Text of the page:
There are about 50 million people world-wide who claim Scottish ancestry. From Singapore, Australia and New Zealand, through Europe to the USA and Canada, there are people all over the world with Scottish ancestral roots. Thanks to the internet, it has never been easier for Scots to trace their roots back to the glen or village where they began.
Scotland is a world leader in providing family history information on the internet, partly because written records go back a long way. The main examples are registers of births, marriages and deaths dating back to 1553, Census records from 1841 to 1911 and wills dating back to 1500 - all available online.
The National Records of Scotland is responsible for the registers of births, marriages and deaths and the taking of the Census. These historic records are publicly available and since 1998 anyone can access the records through a pay-per-view genealogical website - ScotlandsPeople. Around 80 million individual records are available and records are added regularly.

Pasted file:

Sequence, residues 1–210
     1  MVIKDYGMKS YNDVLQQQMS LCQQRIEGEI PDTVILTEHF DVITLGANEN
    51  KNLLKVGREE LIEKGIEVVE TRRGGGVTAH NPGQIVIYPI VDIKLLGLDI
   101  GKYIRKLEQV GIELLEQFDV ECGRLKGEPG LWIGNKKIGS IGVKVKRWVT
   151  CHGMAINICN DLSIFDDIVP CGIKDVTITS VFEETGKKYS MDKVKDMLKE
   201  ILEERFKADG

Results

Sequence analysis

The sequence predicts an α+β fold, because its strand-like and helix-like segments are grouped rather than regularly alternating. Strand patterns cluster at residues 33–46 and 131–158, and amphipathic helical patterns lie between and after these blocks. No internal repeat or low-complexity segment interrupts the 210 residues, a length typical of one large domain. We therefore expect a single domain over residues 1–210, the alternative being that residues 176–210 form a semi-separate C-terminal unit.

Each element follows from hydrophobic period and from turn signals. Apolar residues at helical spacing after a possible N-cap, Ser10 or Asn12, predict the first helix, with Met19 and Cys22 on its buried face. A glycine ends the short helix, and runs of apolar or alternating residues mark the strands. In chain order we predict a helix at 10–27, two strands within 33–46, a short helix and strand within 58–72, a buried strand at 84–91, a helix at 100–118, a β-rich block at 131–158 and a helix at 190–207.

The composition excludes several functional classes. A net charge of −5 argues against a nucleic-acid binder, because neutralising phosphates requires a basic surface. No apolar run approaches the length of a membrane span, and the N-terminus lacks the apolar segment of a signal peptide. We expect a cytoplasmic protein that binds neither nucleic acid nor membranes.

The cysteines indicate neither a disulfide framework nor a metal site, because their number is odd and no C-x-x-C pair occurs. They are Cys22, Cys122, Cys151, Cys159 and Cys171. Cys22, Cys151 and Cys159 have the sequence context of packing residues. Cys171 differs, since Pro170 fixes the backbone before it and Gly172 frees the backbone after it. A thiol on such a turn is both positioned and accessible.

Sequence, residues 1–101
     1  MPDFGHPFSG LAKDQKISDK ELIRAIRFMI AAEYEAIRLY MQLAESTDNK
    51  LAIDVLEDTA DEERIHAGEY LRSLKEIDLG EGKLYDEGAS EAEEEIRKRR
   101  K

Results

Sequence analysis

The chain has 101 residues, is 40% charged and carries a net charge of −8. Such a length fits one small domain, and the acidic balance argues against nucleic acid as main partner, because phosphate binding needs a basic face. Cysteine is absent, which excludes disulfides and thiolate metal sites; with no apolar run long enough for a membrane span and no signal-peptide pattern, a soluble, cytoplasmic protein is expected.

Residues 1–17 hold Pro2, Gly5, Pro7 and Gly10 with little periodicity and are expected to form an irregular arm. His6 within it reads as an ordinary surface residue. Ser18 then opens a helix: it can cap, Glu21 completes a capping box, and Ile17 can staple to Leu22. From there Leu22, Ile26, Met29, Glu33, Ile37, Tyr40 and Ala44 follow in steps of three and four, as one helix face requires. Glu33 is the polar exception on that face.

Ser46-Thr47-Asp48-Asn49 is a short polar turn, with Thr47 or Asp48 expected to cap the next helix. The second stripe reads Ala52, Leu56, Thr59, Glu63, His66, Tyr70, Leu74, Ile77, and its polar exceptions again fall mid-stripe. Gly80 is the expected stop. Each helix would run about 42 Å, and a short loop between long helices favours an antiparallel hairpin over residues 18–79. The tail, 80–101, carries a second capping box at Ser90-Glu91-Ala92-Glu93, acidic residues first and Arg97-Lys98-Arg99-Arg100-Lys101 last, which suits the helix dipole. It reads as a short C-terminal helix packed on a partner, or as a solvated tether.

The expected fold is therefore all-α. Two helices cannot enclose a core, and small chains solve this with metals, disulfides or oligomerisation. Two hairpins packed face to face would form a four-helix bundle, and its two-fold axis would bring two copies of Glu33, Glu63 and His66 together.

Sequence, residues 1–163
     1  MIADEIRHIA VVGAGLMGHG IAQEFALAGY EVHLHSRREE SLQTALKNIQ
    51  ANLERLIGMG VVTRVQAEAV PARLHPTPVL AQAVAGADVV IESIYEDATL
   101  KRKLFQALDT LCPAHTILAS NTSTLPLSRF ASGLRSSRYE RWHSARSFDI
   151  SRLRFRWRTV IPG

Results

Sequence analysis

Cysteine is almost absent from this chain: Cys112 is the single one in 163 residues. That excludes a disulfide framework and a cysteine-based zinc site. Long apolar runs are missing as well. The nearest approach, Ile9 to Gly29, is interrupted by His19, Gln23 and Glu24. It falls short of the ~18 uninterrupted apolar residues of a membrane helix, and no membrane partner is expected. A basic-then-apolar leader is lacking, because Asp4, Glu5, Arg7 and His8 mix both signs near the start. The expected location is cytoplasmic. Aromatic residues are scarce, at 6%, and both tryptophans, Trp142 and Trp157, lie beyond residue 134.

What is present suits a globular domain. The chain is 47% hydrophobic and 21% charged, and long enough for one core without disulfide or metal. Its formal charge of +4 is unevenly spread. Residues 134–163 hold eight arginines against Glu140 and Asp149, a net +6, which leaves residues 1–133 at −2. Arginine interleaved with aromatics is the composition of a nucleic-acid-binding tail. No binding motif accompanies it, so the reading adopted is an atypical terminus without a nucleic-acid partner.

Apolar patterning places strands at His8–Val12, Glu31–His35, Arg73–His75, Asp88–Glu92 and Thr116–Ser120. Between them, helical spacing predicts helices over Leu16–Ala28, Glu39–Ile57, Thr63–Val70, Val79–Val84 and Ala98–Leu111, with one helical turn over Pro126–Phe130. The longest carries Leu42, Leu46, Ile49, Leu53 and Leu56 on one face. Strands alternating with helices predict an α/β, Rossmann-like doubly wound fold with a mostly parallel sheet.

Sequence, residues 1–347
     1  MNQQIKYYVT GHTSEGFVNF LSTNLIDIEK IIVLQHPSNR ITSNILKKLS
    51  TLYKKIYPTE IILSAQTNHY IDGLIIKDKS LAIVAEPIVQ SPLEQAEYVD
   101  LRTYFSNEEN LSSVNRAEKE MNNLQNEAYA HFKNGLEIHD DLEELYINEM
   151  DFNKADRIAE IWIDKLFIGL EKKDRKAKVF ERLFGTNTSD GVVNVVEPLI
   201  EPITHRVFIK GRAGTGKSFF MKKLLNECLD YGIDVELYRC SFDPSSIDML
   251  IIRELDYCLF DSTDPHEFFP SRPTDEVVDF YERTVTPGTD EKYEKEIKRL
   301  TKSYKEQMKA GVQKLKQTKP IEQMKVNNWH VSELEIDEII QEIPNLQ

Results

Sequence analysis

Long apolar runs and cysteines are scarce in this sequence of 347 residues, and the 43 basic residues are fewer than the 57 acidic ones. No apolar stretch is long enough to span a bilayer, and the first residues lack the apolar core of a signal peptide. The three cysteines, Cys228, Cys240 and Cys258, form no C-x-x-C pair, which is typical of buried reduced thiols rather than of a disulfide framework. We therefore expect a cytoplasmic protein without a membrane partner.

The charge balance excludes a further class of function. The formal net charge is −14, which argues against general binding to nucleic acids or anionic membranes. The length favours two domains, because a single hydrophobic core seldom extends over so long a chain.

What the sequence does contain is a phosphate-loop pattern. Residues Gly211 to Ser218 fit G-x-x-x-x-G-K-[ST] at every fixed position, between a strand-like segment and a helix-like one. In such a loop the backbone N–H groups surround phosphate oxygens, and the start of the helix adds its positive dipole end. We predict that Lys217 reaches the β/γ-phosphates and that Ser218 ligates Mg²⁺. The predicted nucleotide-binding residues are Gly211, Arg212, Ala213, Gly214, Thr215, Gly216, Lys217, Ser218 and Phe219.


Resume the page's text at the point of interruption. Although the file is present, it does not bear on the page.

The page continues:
If you're in Scotland...
If you're in Edinburgh and want to trace your ancestors, try the Scotland's People Centre, or the Scottish Genealogy Society, which has been helping people trace their roots since 1953. The National Library also has a number of publications dealing with early data including the International Genealogical Index with some records going back to the Middle Ages, old parochial records; monumental inscriptions; and census information. The National Records of Scotland also has family, business and church records, testaments, registers of property and records of the government of Scotland. If you're in Glasgow, The Mitchell Library has extensive family histories, voters' rolls, street directories and graduation and emigrants lists.
Go to VisitScotland for more ancestral information